FOXBOROUGH -- It's hard to imagine the Patriots needed more motivation heading into Sunday's game against the Jacksonville Jaguars. After all, with a win they would clinch the AFC East title and a playoff berth.
Yet an added jolt has been delivered anyway, in the form of Pro Bowl voting.
When the AFC team was announced Tuesday, defensive lineman Richard Seymour was the lone Patriot selected. For a team that has thrived on what it feels were slights in past seasons, the results were like a fastball over the plate, ready to be hit out of the ballpark.
"If other people who vote don't have the respect for this team, I think we're kind of used to that," quarterback Tom Brady, who was vying for his fourth Pro Bowl appearance, said yesterday. "After what we've accomplished, maybe people just choose not to vote [for us]. [But] I think this team cares about one bowl and it certainly isn't the Pro Bowl."
It was a theme echoed in several corners of the Patriots' locker room.
"The Pro Bowl is something that every player would like to have, but guys know what the goal is -- to win the Super Bowl," said outside linebacker Rosevelt Colvin, who leads the Patriots with 7 1/2 sacks. "A lot of teams have 11, 12, 15 Pro Bowlers, but there's only one champion. Would you like to have it on your résumé? Yeah. But I would rather have a Super Bowl ring. I've been fortunate enough to get two and I'm looking for three."
Beating the Jaguars (8-6) would officially give the Patriots (10-4) the chance to compete for a Super Bowl title, and although Seymour called the Pro Bowl honor (his fifth) humbling, he said the pursuit of a championship trumped all.
"It has been like that ever since I have been here and I think that something that this football team has done a good job of is trying to get to the postseason and win championships," he said. "I think that is the most important thing because nothing is better than going to Hawaii coming off a Super Bowl victory. I have experienced three of those [trips]. The respect that you get from the other guys over there [is great] because their ultimate goal is wanting a Super Bowl ring on their finger.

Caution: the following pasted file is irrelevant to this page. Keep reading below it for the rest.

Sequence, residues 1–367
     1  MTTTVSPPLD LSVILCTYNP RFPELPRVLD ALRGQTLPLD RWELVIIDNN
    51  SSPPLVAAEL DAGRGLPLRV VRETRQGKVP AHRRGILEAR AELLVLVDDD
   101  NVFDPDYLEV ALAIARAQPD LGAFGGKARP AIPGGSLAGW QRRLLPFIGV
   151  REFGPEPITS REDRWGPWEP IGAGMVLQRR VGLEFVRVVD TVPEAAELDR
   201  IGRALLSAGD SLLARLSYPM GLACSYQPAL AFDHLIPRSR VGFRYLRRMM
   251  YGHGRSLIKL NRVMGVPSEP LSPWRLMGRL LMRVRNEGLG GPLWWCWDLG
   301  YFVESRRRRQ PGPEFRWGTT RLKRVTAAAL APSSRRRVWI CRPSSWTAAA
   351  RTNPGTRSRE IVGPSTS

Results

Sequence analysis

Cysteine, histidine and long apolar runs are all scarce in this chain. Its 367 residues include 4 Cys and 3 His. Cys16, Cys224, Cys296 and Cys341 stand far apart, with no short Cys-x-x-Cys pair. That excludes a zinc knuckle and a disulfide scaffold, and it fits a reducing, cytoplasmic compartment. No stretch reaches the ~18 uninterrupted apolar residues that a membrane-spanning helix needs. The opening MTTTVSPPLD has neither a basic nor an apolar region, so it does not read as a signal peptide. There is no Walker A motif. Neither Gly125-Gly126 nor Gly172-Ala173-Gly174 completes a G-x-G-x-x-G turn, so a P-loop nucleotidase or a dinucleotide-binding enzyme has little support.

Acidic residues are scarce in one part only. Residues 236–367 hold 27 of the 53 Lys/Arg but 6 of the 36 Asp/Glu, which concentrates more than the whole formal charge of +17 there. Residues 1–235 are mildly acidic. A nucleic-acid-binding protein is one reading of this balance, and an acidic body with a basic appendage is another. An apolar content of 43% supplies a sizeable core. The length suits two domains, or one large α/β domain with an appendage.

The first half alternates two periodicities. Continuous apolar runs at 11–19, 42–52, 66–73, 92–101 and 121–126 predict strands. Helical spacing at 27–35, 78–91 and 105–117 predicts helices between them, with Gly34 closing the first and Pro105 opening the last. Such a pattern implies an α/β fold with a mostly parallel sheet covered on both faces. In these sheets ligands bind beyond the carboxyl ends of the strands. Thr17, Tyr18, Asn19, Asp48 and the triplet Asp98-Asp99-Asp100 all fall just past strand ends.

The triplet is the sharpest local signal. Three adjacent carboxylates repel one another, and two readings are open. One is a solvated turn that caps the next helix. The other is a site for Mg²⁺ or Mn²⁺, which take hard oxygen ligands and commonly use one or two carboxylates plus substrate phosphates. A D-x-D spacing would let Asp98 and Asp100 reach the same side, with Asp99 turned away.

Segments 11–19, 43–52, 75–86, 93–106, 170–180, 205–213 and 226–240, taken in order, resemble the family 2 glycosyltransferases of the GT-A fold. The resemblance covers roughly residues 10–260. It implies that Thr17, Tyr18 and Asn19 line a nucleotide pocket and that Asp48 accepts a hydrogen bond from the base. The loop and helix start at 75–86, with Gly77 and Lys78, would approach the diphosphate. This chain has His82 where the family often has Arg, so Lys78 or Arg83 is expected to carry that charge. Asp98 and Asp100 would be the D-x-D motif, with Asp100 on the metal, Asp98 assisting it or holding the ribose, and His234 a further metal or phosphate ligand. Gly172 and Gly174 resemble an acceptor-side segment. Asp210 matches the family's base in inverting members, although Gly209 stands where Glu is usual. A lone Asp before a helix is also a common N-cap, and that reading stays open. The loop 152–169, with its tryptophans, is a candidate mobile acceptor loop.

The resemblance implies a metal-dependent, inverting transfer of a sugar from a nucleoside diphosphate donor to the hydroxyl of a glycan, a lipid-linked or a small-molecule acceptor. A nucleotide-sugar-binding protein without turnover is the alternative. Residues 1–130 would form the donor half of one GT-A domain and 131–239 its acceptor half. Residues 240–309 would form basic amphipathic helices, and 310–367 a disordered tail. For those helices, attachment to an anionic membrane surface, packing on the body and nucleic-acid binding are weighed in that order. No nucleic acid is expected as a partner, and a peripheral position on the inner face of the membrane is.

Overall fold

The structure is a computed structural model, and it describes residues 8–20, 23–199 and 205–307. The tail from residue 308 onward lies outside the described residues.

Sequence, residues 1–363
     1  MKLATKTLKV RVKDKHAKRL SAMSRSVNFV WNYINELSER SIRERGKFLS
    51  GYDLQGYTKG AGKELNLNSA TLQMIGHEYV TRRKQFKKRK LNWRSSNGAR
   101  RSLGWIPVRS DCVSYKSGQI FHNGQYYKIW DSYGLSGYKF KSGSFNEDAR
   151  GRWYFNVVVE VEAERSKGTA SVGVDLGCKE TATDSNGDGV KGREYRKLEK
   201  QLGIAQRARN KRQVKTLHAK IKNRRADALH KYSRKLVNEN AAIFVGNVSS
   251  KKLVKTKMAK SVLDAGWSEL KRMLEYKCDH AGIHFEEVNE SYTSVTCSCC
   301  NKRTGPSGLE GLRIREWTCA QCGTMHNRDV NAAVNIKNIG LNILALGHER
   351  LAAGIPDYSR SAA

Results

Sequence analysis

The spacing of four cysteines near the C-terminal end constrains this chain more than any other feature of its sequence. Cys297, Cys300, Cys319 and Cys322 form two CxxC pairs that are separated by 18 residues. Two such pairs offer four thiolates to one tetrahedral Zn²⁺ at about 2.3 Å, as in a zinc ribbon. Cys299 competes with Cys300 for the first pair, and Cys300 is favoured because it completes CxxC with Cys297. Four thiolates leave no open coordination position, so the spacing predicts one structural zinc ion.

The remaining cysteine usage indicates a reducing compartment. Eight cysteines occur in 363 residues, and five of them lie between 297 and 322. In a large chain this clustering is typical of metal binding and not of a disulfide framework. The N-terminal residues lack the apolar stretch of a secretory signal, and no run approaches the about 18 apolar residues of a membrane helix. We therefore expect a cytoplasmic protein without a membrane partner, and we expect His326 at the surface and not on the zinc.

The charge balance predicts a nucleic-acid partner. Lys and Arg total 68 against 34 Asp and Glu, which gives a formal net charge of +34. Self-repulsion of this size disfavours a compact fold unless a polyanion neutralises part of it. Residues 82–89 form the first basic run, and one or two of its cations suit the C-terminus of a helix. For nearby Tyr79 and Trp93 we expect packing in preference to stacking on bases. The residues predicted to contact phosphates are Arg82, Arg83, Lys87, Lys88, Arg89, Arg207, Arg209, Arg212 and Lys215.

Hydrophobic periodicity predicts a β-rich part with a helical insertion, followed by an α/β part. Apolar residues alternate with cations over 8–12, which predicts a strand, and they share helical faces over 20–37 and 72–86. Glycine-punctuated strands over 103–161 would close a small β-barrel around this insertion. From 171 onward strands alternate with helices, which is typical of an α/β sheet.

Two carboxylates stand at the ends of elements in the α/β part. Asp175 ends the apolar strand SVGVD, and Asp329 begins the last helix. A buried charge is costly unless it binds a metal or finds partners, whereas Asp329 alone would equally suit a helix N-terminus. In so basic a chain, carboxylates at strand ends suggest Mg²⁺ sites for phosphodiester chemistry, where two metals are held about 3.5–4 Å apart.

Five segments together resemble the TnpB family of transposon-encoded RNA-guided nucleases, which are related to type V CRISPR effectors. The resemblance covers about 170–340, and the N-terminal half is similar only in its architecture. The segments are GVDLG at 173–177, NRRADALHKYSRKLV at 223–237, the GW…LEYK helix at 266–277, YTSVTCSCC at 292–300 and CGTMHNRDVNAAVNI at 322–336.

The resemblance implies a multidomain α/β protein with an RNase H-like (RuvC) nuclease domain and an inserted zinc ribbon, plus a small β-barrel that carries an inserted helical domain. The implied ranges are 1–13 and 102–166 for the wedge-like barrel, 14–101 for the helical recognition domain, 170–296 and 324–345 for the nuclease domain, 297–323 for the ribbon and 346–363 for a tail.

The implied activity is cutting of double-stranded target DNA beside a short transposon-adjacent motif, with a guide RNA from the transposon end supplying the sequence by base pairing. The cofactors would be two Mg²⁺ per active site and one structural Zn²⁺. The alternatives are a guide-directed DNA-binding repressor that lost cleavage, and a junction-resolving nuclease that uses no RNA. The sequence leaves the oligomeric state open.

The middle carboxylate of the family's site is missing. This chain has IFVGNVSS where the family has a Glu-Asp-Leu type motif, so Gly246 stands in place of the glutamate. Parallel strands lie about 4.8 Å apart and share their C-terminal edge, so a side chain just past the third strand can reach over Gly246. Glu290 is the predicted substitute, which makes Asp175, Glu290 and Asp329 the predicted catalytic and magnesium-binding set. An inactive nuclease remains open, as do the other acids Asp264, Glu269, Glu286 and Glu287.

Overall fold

"So I think that is what we still can accomplish in this locker room. I think that's what guys vie for and that's what the most important thing is. That is really one of the reasons why we strap it on, you know, because it isn't about our postseason checks, it's about winning the championship."
At the same time, Seymour wishes he could take fellow lineman Ty Warren to the Pro Bowl with him. Warren was a strong candidate for a Pro Bowl selection, having been credited by Patriots coaches with 101 tackles and 6 1/2 sacks.
"He has definitely had a great year," Seymour said.
The same could be said for cornerback Asante Samuel, who is tied for the NFL lead with eight interceptions.
"Of course, being a competitor, I'm disappointed," Samuel said. "Life goes on and I'm just focusing on Jacksonville. You just have to go out there and play, and let your play on the field speak for itself."
Offensive guard Logan Mankins was another player who could have made a case for Pro Bowl consideration. As for Brady, he made it clear how much he values appearing in the Pro Bowl.
"It matters very, very, very little," he said. "You're judged in this game on Super Bowls, not Pro Bowls. Guys on this team, what we're concerned about is winning the championship. I think you just go about your business. Everyone is happy that Richard [Seymour] is going, certainly, and the years that [players have] gone you're always proud of your teammates because those guys are very deserving.
"But at the same time, you don't work out every day in the summer to try to go to a Pro Bowl. You try to go to the Super Bowl."
Yet every team needs a little push along the way, and the Patriots may have just received a significant one.
"You can tell there is a lot more than one Pro Bowler in here," safety Artrell Hawkins said. "That goes without saying. Now we're just focused on beating Jacksonville and trying to shore up a playoff spot."
Mike Reiss can be reached at firstname.lastname@example.org.